Who gives? To whom do people give? These are questions that are raised during many conferences on philanthropy. Some people claim that giving is an elite phenomenon, even though surveys again and again document that giving is, overall, a crowd sourcing phenomenon. The coin given by the person on the street makes the difference for most civil society organisations.
The other side of the coin is the ongoing debate over whether foundations and wealthy donors really reach the needy. Which are the underserved communities in our societies? In the USA this discussion has resulted in various research projects. One example is the project ‘Criteria for Philanthropy at its Best’, by the National Committee for Responsive Grantmaking in Washington, DC. The project lays out a set of guidelines to help foundations to ‘operate ethically and maximize the impact of their dollars’. This January the Association of German Foundations presented a mapping study on how and where foundations support socially underserved youth in Germany. Let’s hope that this debate helps to refocus some of the national and international giving.
Givers and recipients are crucial ingredients of the giving equation. Two current stories from Europe show that this equation is (often) taken seriously. In one case, technology, the crowd and entrepreneurship are the drivers for change. In the other case, the drivers for change are a crisis and legacy.
Deutschland rundet auf (Germany rounds up)
The countdown is running. On 1 March, every consumer will be able to round up at 37,875 cash registers at more than 11,785 retail stores in Germany. The shopper can give up to ten cents to support the growth of social enterprises in Germany. If just one out of a hundred of the 50 million consumers in Germany gives one cent this way, Deutschland rundet auf will collect €2 million for charitable causes. In 2012 the organisation will focus on the support of underserved children and youth in Germany.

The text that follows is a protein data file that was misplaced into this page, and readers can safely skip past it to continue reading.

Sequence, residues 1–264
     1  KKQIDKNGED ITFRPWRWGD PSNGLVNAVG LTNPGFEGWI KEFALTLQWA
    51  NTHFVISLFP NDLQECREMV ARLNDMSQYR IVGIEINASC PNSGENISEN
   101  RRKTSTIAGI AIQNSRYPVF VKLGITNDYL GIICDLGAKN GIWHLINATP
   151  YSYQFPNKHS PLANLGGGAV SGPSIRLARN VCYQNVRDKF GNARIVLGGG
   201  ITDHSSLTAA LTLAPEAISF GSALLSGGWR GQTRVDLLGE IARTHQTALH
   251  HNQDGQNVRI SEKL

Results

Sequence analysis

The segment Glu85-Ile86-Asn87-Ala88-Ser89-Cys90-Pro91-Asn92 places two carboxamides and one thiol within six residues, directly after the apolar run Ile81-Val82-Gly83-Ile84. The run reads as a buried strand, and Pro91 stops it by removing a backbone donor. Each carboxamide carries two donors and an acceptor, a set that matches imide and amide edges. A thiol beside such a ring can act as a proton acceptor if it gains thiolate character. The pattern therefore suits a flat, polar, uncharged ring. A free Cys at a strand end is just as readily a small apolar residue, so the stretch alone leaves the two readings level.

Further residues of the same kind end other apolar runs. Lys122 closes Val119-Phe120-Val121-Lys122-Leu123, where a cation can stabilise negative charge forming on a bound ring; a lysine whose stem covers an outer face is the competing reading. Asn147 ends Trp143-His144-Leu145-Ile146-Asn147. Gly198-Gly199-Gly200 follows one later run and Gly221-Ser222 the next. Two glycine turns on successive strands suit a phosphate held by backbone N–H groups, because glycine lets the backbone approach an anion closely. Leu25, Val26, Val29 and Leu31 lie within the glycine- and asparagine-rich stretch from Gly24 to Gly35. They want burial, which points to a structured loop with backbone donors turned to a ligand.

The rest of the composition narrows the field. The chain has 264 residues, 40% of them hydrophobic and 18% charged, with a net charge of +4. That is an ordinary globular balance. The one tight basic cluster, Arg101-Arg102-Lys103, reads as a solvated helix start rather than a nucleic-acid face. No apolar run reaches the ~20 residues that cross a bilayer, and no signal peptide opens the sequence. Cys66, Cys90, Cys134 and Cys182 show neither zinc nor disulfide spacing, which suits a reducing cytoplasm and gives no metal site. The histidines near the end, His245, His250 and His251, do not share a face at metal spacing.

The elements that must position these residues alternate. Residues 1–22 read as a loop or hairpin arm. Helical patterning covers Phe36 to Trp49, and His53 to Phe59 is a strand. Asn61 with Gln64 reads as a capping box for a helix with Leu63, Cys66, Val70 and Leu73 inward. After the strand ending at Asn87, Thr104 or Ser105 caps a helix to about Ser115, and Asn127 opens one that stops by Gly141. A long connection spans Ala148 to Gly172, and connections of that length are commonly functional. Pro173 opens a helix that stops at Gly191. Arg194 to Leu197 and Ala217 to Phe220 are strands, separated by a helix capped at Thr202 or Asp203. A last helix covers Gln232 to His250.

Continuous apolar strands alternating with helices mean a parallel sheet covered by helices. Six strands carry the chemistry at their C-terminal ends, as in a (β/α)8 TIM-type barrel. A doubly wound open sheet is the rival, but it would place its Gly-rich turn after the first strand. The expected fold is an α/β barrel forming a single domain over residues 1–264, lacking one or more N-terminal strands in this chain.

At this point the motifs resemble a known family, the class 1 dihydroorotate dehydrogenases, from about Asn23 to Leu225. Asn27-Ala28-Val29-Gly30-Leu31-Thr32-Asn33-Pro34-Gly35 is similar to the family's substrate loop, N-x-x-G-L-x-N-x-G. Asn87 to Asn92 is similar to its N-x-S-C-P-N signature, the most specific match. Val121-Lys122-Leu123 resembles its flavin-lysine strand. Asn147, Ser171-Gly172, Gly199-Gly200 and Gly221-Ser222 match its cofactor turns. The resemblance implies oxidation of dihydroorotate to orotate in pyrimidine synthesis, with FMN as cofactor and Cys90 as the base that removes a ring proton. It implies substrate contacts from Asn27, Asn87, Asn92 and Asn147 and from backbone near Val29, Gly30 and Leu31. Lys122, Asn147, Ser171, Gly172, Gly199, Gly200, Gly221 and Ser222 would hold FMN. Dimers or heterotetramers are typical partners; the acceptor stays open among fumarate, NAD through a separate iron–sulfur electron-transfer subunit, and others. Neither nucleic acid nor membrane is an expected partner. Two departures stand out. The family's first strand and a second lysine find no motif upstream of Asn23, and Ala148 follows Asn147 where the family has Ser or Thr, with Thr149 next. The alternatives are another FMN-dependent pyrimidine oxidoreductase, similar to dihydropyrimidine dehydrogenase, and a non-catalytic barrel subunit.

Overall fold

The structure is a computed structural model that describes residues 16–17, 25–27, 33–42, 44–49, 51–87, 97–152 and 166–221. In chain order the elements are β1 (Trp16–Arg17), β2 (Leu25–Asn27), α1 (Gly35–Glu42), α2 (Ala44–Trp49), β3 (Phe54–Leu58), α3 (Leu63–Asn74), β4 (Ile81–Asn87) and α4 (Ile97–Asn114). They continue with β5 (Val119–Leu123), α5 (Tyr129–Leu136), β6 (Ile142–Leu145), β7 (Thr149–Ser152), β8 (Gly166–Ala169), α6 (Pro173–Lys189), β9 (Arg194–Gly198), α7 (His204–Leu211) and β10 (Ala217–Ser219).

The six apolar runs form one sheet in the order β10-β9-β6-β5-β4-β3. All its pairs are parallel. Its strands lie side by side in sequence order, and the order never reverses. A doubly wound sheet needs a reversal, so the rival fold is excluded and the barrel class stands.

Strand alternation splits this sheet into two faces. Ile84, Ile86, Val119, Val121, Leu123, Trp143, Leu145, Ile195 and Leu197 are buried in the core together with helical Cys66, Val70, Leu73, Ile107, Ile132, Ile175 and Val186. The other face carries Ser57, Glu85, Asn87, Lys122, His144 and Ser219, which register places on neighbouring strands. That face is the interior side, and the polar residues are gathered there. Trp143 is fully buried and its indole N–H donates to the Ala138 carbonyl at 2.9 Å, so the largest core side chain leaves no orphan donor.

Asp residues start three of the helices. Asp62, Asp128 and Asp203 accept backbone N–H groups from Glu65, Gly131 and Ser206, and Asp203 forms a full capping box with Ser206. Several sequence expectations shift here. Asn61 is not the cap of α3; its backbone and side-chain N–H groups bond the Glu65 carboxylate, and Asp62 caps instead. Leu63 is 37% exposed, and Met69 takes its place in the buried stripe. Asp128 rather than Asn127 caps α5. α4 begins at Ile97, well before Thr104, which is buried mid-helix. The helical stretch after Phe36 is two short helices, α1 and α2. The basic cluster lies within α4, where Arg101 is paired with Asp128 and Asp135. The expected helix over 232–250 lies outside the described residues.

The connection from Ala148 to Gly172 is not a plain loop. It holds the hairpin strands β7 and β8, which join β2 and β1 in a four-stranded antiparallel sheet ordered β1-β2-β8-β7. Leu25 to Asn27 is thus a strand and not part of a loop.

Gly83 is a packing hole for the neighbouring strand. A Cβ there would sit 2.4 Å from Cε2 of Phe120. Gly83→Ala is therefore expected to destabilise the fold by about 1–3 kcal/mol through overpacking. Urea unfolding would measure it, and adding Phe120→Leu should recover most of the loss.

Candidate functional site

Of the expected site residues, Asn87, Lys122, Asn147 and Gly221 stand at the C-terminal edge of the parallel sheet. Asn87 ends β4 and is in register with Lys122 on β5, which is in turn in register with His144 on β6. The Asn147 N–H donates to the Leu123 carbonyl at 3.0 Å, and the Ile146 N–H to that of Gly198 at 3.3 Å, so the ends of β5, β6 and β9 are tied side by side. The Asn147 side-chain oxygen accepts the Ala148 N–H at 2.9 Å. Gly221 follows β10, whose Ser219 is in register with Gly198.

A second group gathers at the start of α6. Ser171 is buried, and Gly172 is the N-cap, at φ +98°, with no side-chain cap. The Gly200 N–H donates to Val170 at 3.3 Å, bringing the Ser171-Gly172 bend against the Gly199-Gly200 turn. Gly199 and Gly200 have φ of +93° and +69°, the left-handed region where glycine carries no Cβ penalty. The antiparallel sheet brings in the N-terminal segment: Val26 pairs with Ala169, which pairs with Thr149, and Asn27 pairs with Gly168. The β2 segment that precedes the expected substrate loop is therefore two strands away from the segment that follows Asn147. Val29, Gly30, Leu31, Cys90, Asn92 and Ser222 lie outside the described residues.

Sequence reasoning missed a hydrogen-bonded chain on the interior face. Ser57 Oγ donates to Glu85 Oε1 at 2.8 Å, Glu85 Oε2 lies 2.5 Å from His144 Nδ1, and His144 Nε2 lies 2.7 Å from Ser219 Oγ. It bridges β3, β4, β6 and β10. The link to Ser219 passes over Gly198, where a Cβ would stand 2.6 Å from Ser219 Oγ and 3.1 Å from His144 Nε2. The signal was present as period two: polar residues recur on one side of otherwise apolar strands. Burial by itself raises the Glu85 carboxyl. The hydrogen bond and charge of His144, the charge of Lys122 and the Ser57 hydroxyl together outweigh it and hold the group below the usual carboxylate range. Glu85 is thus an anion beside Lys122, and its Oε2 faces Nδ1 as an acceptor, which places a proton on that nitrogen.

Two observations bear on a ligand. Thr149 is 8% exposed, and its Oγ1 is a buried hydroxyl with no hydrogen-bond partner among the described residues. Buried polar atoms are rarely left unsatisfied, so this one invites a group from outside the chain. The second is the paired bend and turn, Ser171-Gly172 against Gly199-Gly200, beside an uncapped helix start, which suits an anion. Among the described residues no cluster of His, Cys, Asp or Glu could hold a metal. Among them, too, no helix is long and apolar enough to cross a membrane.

Technology allows an easy transfer of the funds from the cash register. A guiding principle of the founding team is that every cent collected will be passed on to the grantees. The participating retailers pay a partnership fee to take part in the scheme. This fee covers the overhead of Deutschland rundet auf and is based on a solid business idea. The organisation is a good example of how giving can be made easy for everybody. The coming months will show whether ‘rounding up’ becomes a shopping habit.
Current grant of the Stavros Niarchos Foundation
The budget crisis in Greece is in the news every day. It is too bad that in such times encouraging news is not picked up. I was startled by a news item on the website of the European Foundation Centre at the end of January. The Stavros Niarchos Foundation, founded in 1996 after the death of the Greek businessman Stavros Niarchos, announced a €100 million commitment to support people in need and future generations in Greece now. The grant is a direct reaction to the crisis in Greece. It is aligned with a set of flexible but clear criteria to ensure the impact of this ‘economic stimulus’. It is a noteworthy effort based on the legacy of a foundation, and it is a bold step. It is an effort to support citizens that have suddenly become part of an underserved community.
These two stories demonstrate the strengths of new and old philanthropy. They show that in the end we need both large and small donors committed to society. It is good when we all can give no matter how big or small the amount. Every penny, every cent can have an impact. It is important that donors stay flexible and open-minded towards the world that we live in. It is the only way philanthropy can serve those in need.
1 Declaration of interest: Active Philanthropy, the organization the author is a partner of, has a professional relationship with Deutschland Rundet Auf.
Michael Alberg-Seberich is managing partner at Active Philanthropy